In an American economy ripe with opportunity, blacks stand to increase the socioeconomic status of their community--but they can't do it without education, the president of the National Urban League said in a speech last night at the Institute of Politics.
The state of black America today, Hugh Price said in his speech, "is one of unprecedented opportunity."
"Minimum wage may be too low to make a living, but at least blacks are getting into the labor market," he said.
His presentation, entitled "Urban Activism: Redefining America," emphasized maintaining an optimistic approach while pushing for advancement.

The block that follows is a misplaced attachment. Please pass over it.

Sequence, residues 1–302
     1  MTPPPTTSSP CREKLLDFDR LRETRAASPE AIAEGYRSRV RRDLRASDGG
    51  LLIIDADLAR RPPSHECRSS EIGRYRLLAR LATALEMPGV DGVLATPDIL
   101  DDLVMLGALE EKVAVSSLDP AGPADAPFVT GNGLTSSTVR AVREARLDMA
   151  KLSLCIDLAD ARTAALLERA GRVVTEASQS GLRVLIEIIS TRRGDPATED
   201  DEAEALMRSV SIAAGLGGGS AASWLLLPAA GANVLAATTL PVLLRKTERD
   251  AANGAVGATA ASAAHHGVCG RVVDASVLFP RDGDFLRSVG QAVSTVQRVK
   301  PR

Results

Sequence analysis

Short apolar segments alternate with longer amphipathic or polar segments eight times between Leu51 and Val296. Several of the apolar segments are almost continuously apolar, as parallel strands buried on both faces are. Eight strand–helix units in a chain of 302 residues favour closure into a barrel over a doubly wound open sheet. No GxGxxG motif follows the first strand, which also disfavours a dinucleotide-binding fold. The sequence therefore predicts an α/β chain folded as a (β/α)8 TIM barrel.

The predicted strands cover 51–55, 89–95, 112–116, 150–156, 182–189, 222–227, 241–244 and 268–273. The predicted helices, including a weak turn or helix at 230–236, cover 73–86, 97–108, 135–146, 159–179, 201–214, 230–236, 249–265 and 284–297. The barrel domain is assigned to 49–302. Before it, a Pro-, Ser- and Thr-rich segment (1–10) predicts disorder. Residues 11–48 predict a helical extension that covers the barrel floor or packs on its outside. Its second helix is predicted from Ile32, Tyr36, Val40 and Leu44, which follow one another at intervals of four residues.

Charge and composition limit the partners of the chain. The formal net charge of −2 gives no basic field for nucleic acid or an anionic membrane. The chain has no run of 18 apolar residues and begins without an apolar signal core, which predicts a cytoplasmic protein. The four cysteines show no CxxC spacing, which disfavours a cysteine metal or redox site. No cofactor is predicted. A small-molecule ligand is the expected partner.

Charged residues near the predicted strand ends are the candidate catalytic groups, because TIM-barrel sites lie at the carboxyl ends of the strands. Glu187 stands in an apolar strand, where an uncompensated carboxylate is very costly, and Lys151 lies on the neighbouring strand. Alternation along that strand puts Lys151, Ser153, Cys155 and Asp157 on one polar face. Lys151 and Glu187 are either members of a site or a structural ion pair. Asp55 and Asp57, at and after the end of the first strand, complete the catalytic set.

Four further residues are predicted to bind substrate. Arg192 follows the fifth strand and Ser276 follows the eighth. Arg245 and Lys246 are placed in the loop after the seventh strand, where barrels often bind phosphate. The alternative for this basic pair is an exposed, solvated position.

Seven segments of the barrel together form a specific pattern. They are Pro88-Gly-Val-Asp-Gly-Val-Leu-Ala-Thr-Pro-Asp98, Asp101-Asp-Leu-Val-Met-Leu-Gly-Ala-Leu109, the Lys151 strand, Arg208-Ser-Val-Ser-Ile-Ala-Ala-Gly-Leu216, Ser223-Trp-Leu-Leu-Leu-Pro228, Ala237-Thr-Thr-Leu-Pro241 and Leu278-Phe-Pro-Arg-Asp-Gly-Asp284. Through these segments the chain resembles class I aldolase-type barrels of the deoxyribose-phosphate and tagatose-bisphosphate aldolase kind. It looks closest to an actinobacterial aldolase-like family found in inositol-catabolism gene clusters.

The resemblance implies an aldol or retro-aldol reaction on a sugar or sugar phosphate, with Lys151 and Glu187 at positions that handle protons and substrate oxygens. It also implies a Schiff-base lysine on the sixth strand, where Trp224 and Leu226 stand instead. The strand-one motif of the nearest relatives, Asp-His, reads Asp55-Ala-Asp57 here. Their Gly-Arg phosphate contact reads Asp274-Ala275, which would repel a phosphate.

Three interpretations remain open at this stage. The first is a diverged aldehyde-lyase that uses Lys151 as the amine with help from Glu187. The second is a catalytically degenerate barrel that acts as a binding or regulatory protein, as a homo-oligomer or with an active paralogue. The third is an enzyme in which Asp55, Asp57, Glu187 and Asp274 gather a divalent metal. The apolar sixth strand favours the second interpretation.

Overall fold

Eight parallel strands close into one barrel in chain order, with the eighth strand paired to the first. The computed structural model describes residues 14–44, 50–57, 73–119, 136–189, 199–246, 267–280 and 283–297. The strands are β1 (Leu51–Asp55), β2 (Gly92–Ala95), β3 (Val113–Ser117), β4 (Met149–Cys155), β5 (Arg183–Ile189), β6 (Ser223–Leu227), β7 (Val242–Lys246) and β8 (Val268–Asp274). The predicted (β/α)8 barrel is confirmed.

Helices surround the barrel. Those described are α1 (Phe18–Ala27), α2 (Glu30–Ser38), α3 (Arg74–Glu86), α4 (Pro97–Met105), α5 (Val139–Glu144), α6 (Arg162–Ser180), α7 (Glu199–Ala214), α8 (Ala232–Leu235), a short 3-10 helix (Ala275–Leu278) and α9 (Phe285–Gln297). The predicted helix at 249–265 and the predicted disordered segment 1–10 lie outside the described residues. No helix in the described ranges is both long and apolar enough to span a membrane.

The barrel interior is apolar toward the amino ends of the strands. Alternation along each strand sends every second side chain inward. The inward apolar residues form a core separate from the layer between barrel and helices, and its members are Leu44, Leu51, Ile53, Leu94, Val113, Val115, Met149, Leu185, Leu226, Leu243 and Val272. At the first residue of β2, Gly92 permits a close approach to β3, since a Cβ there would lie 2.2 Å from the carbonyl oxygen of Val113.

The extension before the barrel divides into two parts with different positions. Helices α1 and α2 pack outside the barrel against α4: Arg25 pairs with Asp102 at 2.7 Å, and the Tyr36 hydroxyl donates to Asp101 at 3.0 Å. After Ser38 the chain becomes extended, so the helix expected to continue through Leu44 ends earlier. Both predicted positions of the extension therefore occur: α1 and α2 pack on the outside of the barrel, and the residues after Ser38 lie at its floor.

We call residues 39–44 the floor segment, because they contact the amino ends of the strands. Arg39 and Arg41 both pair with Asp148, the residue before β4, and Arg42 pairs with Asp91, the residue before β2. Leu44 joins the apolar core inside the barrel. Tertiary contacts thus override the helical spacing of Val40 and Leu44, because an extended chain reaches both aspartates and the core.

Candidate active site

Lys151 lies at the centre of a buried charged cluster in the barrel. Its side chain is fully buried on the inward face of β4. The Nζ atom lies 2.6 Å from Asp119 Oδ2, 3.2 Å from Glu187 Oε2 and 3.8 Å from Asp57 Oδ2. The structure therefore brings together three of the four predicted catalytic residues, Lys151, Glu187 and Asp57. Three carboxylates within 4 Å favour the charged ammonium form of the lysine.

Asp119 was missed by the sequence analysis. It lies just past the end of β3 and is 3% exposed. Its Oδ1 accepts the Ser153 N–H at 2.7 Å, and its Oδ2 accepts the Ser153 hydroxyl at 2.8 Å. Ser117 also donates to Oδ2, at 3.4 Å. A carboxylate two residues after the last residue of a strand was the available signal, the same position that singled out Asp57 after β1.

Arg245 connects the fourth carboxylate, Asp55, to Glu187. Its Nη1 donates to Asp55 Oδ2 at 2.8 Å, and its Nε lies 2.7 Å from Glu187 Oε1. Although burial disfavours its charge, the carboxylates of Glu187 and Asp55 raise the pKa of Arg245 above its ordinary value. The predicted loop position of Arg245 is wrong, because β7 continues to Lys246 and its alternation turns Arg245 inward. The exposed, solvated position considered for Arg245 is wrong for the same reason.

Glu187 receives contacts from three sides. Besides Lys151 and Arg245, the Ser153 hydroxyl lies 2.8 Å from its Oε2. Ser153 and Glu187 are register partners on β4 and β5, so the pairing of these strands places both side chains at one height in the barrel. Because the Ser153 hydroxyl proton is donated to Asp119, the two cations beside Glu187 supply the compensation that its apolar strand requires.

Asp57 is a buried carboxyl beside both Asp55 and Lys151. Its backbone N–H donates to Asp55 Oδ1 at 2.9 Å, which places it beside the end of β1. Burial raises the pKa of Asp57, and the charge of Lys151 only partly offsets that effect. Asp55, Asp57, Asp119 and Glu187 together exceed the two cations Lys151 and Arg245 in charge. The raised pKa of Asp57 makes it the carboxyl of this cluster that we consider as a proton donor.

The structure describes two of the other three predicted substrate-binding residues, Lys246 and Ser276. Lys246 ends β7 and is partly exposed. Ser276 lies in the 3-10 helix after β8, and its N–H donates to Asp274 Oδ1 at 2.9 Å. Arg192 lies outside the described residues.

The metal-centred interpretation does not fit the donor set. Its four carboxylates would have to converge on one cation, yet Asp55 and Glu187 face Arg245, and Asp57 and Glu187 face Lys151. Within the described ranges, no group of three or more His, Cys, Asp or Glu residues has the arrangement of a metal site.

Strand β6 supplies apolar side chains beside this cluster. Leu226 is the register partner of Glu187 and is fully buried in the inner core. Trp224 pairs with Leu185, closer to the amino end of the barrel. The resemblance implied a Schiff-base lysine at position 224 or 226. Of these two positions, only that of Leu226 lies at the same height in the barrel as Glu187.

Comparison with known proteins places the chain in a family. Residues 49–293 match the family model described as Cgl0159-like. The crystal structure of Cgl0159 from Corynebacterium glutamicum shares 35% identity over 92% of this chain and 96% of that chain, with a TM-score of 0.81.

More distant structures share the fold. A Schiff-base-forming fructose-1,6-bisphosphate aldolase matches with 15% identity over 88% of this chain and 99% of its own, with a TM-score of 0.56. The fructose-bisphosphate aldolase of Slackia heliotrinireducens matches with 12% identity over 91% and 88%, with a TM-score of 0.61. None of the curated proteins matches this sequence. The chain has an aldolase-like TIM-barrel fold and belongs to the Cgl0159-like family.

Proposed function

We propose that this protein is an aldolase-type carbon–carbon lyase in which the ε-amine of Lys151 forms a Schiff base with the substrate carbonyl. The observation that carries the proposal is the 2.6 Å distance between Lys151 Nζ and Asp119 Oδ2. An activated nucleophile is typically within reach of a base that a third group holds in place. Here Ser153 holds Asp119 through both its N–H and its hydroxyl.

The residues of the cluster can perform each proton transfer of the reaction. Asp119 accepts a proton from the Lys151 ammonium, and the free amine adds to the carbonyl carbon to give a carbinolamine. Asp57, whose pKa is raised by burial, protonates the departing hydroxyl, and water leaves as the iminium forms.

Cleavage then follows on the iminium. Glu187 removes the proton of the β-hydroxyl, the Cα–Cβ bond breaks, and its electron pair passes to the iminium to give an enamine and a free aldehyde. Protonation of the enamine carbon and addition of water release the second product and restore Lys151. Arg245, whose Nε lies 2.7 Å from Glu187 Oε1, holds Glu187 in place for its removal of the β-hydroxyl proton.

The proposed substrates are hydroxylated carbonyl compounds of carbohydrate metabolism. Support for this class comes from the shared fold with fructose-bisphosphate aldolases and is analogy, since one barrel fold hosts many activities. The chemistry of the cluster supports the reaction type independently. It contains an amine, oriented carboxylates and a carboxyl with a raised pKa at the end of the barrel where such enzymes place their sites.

"Many in poor schools have not gotten on the economic 'up' elevator," and as a result are missing out on important opportunities, Price explained.
Price outlined ways in which his organization is working to push blacks as a group into a higher socioeconomic sphere. He began by stressing the "need to fight under- education so that African-Americans can reach their potential."
Since the U.S. has seen unprecedented employment growth in the last few years, there is a tremendous opportunity to advance in the workplace, he said. The Urban League, Price said, is working towards this resolution methodically.
The Urban League is "the premier social service and civil rights organization servicing African-Americans and others who are striving to enter the economic mainstream," according to its website.
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